A cynic in the audience might very well draw some parallels with laws and programs that sound good, but really don’t accomplish anything of lasting value.
We have many programs in safety that seem awfully similar to hub caps: the annual safety poster contest, safety bingo, trash and trinkets incentive systems, etc. Well those were pretty easy, but what about some sacred cow hub caps like Lagging Indicators or Behavior Based Safety? Can you read on if one of these really nifty hub caps is “attacked?”
Observation Programs/Behavior Based Safety/BBS-- While being a better than nothing addition to an outdated regulations only approach, the ever popular “catch and correct” programs that teach line employees to observe and report:
- Do not deliver zero
- Tend to abdicate management of safety leadership responsibility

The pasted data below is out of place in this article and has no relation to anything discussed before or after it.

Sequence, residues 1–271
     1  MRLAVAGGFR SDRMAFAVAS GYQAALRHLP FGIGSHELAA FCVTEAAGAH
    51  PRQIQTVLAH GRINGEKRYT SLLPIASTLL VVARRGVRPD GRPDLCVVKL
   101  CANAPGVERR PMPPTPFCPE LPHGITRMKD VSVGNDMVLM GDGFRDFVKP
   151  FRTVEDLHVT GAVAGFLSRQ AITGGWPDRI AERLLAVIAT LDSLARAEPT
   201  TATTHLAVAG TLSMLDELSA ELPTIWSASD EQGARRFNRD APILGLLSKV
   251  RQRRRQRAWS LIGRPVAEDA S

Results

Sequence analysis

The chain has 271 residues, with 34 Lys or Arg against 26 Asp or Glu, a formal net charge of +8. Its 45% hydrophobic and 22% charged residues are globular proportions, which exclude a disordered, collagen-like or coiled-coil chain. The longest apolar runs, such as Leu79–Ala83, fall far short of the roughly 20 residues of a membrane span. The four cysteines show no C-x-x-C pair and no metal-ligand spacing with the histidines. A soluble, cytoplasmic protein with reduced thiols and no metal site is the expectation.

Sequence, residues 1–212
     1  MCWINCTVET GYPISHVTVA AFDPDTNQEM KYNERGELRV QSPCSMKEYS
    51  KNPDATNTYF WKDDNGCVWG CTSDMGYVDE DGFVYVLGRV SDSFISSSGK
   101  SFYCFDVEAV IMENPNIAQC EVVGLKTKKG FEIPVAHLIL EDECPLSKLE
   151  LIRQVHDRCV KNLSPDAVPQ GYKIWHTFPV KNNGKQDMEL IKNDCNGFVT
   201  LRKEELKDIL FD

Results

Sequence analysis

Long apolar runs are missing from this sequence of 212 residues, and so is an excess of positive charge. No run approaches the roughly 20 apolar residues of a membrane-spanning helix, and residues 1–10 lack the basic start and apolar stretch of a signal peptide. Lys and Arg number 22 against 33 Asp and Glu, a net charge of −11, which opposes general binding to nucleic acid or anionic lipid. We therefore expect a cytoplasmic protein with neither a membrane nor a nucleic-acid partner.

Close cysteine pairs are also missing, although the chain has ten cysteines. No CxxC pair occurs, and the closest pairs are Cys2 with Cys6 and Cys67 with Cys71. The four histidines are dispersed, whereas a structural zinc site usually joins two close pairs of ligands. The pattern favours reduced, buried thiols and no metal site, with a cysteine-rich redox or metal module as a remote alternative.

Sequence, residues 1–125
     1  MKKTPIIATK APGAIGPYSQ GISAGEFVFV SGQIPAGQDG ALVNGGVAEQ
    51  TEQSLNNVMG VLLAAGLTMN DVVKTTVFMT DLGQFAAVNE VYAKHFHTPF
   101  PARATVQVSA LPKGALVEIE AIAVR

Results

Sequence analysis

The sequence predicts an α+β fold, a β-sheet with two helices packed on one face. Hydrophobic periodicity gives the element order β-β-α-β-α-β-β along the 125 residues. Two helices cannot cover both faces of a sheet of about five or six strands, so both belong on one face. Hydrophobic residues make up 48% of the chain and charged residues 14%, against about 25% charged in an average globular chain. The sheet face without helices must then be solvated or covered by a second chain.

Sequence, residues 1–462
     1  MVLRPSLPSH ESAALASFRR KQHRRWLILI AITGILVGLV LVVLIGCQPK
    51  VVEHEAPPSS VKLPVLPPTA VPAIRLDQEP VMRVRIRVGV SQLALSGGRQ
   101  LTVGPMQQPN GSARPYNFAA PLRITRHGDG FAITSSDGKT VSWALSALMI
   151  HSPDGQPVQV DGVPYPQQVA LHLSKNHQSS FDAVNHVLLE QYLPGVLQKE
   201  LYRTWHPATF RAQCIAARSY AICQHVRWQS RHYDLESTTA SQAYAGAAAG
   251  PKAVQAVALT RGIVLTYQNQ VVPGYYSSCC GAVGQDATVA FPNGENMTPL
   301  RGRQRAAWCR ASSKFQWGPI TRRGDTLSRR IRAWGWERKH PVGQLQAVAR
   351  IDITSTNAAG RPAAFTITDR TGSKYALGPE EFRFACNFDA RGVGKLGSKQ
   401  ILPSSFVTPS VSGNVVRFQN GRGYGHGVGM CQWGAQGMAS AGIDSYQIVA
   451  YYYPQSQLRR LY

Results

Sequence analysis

- Are not easily integrated into other management functions throughout the organization
- A stumbling block by hourly employees that both react to peer pressure and desire active upper management participation. Checking off forms and tracking (often) questionable data inspires neither the hourly employee nor upper management
- A quick safety awareness improvement tool that unfortunately also quickly becomes both ineffective and an expensive non-value-added frill
- A reactive approach that is both foreign to and lacks credibility with executives. No where else in the many decades of operations excellence is such a “check on (rat on) your fellow worker” approach used
Should BBS be a tool in the safety performance world? Yes.
Should BBS be a cornerstone of your organization’s safety efforts? Based on the above, I think not.
Why not spend your scarce time, involvement and financial resources for safety in developing solutions to safety issues that work better than hub caps?